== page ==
Business Sponsor Of The Month: Our beacon of support, Nickerson-Bourne Funeral Home, has been in business in Bourne for more than 40 years. The funeral home offers a wide variety of services, which can be seen on its website, www.dignitymemorial.com, or by calling 508-759-3511.

What’s New: Red, white and blue adorn the shelves this Memorial Day at the library. Although we don’t have any upcoming programs about the subject, we have a host of books, DVDs and other items that can help you think about what it means to remember those who died in wars of the past and to help you celebrate with family and friends as we welcome back our “snowbirds” from the South and West. According to an article in the Richmond Times-Dispatch in 1906, the first Memorial Day (or Decoration Day) occurred in Warrenton, Virginia, on June 3, 1861, when a Civil War soldier’s grave was decorated. Although this is an unofficial date, it does take precedence over others that have become local lore. Most folks think that it was started by Abraham Lincoln after the Battle of Gettysburg, but the commemorations were observed widely after Lincoln’s assassination. Memorial Day may have its controversies as to who was “the first” to commemorate, but no one can deny that it is the unofficial start of summer, and we all celebrate differently. Hopefully, my readers will be able to get out to the many observances that honor our dead, especially at the National Cemetery, where all the graves will be marked with flags. And do remember that the library will be closed on Monday, May 27, so you have to see the displays the following Tuesday through Saturday.

Children’s Corner: The children’s room is full of displays about upcoming programs and classes, including The Teddy Bear Picnic on June 7 from noon onward. Big Ryan will tell tall tales, as children and caregivers enjoy their picnics brought from home—sharing with their “stuffed friends.” No registration is necessary; just join the crowd on the library lawn. This event marks the end of registered storytimes and play groups until the summer reading sessions begin at the end of June.

Book Club Browsings: The book clubs won’t end for the summer, although the Knitters will move to a different time, as Tuesdays will be filled with the Adult Summer Reading Authors and More. For May, though, the Knitters meet on Tuesday, May 28, to decipher the mystery of “The Muralist” (B.A. Shapiro) at 5:30 PM.

Within The Web: It’s no mystery that the Friends of the Library are rejuvenated. Check out its page on the library’s website to see how you can join this dynamic group.

Friends Of The Library: The board of the Friends met Monday, May 20, to plan upcoming programs and to finalize the newsletter, which will be sent via US mail this week. If you are on the mailing list and have NOT provided an e-mail address, please do so soon, as this is the last year that print newsletters will be sent. We will, of course, have some copies at the library, but it has become increasingly clear that sending a print newsletter is not a good use of resources (for the Friends or the planet). In this month’s copy, though, is a plea for two things: books for the upcoming June sale AND volunteers for that same sale. Please contact Chris Crane (508-759-5418) to sign up to help or if you have more than one carton of books to donate.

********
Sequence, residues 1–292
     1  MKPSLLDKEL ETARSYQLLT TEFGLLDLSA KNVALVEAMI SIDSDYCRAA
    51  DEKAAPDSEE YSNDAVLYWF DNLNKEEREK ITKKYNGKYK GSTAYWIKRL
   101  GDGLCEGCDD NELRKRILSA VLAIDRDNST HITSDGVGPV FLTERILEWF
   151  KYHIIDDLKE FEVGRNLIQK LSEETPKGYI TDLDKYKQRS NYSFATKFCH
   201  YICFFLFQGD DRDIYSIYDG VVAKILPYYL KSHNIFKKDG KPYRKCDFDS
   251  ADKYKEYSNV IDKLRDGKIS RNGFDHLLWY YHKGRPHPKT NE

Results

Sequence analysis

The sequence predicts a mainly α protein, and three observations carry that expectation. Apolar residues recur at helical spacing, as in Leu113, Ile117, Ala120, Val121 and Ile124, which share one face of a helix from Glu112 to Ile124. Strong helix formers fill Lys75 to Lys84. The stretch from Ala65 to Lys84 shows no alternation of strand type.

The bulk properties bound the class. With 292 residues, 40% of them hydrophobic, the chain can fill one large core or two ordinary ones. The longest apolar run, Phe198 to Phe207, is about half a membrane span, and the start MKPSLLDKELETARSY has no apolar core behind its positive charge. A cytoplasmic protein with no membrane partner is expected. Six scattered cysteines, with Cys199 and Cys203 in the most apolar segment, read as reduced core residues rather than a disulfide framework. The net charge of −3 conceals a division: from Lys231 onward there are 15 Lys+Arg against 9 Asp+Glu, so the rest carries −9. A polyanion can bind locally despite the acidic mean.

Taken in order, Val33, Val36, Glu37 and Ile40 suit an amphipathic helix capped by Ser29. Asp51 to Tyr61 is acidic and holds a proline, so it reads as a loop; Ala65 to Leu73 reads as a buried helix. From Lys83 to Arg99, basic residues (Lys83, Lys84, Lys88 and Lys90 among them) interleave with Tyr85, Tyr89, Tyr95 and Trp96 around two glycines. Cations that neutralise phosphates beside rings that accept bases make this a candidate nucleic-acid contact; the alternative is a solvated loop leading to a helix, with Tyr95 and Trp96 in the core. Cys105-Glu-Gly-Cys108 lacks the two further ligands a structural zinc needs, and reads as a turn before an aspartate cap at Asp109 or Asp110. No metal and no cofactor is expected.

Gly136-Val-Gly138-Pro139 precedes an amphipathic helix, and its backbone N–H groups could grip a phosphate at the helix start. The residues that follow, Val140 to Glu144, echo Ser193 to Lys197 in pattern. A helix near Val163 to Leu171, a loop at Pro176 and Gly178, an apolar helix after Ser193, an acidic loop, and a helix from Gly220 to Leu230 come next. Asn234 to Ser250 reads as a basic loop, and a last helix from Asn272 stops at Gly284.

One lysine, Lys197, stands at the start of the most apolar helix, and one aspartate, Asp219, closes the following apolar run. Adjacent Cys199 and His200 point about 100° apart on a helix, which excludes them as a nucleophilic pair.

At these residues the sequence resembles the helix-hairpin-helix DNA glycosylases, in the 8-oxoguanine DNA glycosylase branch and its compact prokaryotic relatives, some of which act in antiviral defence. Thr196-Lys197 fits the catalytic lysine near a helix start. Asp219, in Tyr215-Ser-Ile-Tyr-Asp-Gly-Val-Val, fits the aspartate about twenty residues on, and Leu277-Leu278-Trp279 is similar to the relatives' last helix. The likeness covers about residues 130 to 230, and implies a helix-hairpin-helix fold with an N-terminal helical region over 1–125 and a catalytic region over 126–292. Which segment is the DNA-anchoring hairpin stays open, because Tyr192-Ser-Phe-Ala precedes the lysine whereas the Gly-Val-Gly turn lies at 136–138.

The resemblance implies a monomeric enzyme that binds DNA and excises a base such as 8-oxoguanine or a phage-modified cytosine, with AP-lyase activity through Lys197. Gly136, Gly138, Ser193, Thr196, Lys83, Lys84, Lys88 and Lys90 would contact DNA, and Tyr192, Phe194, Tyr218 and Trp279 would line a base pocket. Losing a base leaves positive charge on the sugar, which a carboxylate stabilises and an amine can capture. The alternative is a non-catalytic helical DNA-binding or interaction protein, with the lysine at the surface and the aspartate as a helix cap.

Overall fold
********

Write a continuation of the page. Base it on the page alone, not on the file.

On The Mezzanine: The Bourne on the Fourth of July Committee is not donating T-shirts, but selling them at the library. We are starting a little early this year; however, they will sell quickly, so get yours before all the favorite colors and sizes are gone. Shirts are short-sleeved and cost $20. While we usually have our shirts in the display case, this year we will have them on a separate display so that we can accommodate a different display that will coordinate with one of our Adult Summer Reading Programs (Sailors’ Valentines). This month, though, do come in to see the wonderfully intricate dollhouse miniatures that are part of a collection belonging to Sue and Roy Dow. The children’s display case holds “Dolls of the World,” on loan from Melinda Mcara.

Off The Shelves: For this Memorial Day, I am not quite sure what to recommend that is not frivolous or completely out of keeping with the day, because, clearly, we need to remember why we celebrate this holiday. Interestingly, “The Old Farmer’s Almanac” is one of the places folks can go to obtain a brief synopsis of the holiday and its difference from Veterans Day and Armed Forces Day. The history of how the poppy came to symbolize Memorial Day is explained in the article and a copy of the poem, “In Flanders Field” by World War I poet (and soldier) John McCrae is also featured. There are also several titles that help children learn about this holiday, one of which is “Memorial Day” by Mir Tamin Ansary. A fictional title by one of my favorite authors, Anne Perry, depicts the battles and engagements in which many of our armed services men and women died. Perry’s World War I series (Starting with “No Graves As Yet”), although focused on Britain, mentions American GIs. Another title in the CLAMS system, “Section 60” by Robert Poole, has a poignant history of Arlington National Cemetery. Thanks to Kate Haynes for putting together a lovely display for our Memorial Day here at the library. And do remember that however you are planning to recognize this holiday, use the resources of your library and keep reading.

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